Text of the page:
Investors in Healthcare Trust, Inc. (“HTI”), may have FINRA arbitration claims, if their investment was recommended by a financial advisor who lacked a reasonable basis for the recommendation, or if the nature of the investment was misrepresented by the stockbroker or advisor.
HTI was incorporated on October 15, 2012, as a Maryland corporation that elected to be taxed as a real estate investment trust (REIT). As a publicly registered non-traded REIT, HTI was permitted to sell securities to the investing public at large, including numerous unsophisticated retail investors who bought shares upon the recommendation of a broker or money manager. HTI terminated its offering in November 2014 after raising approximately $2.2 billion in investor equity. HTI invests in multi-tenant medical office buildings and owned a portfolio of 191 properties, as of the fourth quarter of 2018.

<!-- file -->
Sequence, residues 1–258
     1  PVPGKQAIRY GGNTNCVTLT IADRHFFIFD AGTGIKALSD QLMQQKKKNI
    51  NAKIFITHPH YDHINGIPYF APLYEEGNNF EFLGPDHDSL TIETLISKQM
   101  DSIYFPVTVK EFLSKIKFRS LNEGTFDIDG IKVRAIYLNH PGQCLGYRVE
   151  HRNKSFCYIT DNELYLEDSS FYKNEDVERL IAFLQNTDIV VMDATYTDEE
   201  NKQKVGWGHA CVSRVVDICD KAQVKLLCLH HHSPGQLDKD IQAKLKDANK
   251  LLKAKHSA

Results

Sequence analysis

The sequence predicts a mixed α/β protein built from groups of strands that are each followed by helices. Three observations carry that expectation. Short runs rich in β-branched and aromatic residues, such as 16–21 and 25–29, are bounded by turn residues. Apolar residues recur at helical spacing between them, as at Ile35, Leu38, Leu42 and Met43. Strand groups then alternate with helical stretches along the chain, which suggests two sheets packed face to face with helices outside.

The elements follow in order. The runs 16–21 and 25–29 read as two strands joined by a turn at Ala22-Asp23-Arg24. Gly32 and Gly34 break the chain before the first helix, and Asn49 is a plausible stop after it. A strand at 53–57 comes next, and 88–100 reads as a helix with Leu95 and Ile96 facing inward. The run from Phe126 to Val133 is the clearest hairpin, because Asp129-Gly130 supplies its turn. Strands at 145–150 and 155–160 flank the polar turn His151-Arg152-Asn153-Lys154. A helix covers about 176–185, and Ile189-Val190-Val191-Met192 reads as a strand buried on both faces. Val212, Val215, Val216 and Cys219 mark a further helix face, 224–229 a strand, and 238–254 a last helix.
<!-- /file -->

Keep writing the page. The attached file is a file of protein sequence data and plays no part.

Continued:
The Board of HTI has approved a $17.50 net asset value per share of the company’s common stock as of December 31, 2018, representing a decrease of nearly 13.6 percent compared with HTI’s December 31, 2017 estimated NAV per share of $20.25. HTI originally sold shares to the public for $25.00 each. HTI attributed the drop in its reported NAV to the effect of paying distributions to the company’s stockholders that net exceeded cash flows from operations and a $30.5 million decrease in the estimated value of its real estate assets compared to last year. While this lower $17.50 estimated NAV is bad news for investors, the worse news may be that transactions in the limited secondary market have reportedly taken place at $12.75 to $13.00 a share- suggesting that HTI shares may be worth even less than the estimated NAV.